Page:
Processors - an overview


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  • Modern x86 architecture based chip
  • Church–Turing thesis: a function is algorithmically computable w. a Turing Machine
  • Processors - an overview

    1. 1. Processor Architectures Lorenz Sauer 2003/04
    2. 2. Synopsis History of Computing Principal Architecture  Von Neuman Architecture  RISC, CISC, VLIW  SIMD, SISD, MISD, MIMD• Survey• Outlook
    3. 3. History of Computing 1st Switches 2nd Binary Theory (comprehensive)  Implemented as:  Tubes  Transistor  BiPolar  FET (especially MOSFET)  Future (DNA,...)
    4. 4. Hardware-means to the end... Tube Technology  huge, high power dissipation, very slow Transistor  First models: huge  Minaturization: rapidly  BiPolar: fast, decent power dissipation  FET: decent speed, low power dissipation, extreme Intregration Density is possible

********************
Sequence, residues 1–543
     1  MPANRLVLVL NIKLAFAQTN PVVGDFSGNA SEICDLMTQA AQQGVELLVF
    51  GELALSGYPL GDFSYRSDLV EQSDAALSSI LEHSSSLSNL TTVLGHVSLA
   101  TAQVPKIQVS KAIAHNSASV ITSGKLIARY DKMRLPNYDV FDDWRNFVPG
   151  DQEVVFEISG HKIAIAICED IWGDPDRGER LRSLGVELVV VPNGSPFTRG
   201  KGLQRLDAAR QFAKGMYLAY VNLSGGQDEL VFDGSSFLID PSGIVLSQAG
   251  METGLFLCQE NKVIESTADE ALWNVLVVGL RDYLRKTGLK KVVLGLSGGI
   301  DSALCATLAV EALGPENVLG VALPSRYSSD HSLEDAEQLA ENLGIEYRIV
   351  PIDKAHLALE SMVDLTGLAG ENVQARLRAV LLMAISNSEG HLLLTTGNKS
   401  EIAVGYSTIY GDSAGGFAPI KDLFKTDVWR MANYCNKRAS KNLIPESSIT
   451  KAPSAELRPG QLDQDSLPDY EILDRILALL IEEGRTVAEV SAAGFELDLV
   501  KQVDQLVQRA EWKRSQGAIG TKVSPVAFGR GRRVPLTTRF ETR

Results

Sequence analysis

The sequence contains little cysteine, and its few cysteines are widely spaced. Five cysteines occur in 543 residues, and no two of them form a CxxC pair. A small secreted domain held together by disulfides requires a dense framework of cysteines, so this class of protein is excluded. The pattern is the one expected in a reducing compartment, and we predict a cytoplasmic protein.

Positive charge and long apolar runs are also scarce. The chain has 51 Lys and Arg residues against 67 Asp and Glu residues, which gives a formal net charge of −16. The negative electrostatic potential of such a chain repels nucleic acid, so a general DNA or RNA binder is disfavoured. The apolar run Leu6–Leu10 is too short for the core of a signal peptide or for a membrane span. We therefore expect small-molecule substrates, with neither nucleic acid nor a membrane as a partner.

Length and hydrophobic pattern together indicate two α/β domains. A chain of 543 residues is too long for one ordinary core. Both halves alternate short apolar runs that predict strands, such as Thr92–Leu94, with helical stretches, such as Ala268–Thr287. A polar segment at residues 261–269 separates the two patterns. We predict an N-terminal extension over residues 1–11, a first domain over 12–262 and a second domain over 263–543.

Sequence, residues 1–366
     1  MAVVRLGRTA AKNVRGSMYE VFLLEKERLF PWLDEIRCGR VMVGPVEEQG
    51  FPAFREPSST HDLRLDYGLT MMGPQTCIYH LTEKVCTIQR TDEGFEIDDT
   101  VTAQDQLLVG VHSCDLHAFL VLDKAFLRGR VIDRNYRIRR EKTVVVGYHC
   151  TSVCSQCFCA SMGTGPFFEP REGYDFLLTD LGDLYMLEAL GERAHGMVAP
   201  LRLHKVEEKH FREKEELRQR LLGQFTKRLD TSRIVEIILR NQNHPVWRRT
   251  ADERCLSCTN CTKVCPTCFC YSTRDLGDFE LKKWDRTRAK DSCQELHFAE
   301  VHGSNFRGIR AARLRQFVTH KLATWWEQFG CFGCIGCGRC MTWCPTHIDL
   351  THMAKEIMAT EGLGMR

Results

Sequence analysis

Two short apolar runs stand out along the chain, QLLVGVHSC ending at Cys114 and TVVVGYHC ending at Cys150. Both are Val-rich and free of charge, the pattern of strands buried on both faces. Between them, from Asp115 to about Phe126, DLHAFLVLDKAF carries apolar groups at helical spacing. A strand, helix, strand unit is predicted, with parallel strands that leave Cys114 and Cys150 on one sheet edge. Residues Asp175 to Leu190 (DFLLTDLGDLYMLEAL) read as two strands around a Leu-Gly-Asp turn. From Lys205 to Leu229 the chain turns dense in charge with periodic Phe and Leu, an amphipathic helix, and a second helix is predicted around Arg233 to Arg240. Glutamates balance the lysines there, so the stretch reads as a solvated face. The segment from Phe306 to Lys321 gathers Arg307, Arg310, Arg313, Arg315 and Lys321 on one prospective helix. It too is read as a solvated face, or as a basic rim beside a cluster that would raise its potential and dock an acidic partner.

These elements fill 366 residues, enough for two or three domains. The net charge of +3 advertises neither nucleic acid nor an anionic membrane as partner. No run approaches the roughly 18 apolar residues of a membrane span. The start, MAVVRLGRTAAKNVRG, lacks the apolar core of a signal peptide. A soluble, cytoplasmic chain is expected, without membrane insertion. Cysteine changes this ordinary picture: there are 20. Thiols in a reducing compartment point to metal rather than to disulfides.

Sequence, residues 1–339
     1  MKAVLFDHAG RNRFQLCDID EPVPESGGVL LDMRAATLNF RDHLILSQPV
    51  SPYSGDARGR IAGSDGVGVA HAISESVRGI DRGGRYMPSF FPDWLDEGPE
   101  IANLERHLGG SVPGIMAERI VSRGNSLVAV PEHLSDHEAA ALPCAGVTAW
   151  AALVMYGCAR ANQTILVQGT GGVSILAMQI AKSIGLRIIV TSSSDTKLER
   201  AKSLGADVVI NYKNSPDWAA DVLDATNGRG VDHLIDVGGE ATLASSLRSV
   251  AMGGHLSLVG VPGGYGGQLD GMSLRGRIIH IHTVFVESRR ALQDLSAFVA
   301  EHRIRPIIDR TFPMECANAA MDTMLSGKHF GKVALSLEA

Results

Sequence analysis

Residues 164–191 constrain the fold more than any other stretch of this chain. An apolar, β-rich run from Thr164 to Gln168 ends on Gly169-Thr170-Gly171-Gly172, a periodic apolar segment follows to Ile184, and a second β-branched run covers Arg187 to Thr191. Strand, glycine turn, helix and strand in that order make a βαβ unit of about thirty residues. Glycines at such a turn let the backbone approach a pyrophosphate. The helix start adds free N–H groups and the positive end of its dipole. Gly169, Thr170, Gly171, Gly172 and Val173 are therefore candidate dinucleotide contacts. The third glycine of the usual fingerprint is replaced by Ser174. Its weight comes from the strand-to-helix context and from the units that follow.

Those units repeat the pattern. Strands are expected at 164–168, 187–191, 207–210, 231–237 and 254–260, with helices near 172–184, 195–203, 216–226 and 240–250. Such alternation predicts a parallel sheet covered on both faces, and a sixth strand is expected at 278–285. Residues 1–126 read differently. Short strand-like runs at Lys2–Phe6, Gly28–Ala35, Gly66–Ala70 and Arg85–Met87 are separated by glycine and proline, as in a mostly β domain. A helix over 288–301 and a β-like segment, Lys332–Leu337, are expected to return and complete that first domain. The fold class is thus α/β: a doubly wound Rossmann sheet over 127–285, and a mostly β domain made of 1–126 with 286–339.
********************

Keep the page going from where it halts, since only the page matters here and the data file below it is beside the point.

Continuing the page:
5. 5. Computing Timetable 1949 John von Neumann 1970s first microprocessor machines 1980s IBM PC settling in industry 1990s large-scale mainframes 2000s GRID, interconnected computing >2000
    6. 6. History: VisiCalc the Killer App 1979: First released with Apple II 1981: Ported to IBM PCs Convinces the „industry„ of IBM PCs New mainstream market born Still executable 27.520bytes of Spreadsheetness
    7. 7. Principal Architecture: Basics Processor or Central Processing Unit  CPU is the heart of a computer  Execute programs stored in main memory  Instructions are processed sequentially:  fetched, examined and executed  Church–Turing thesis  The CPU is composed of:  Control Unit  Arithmetic logic unit (ALU)  Registers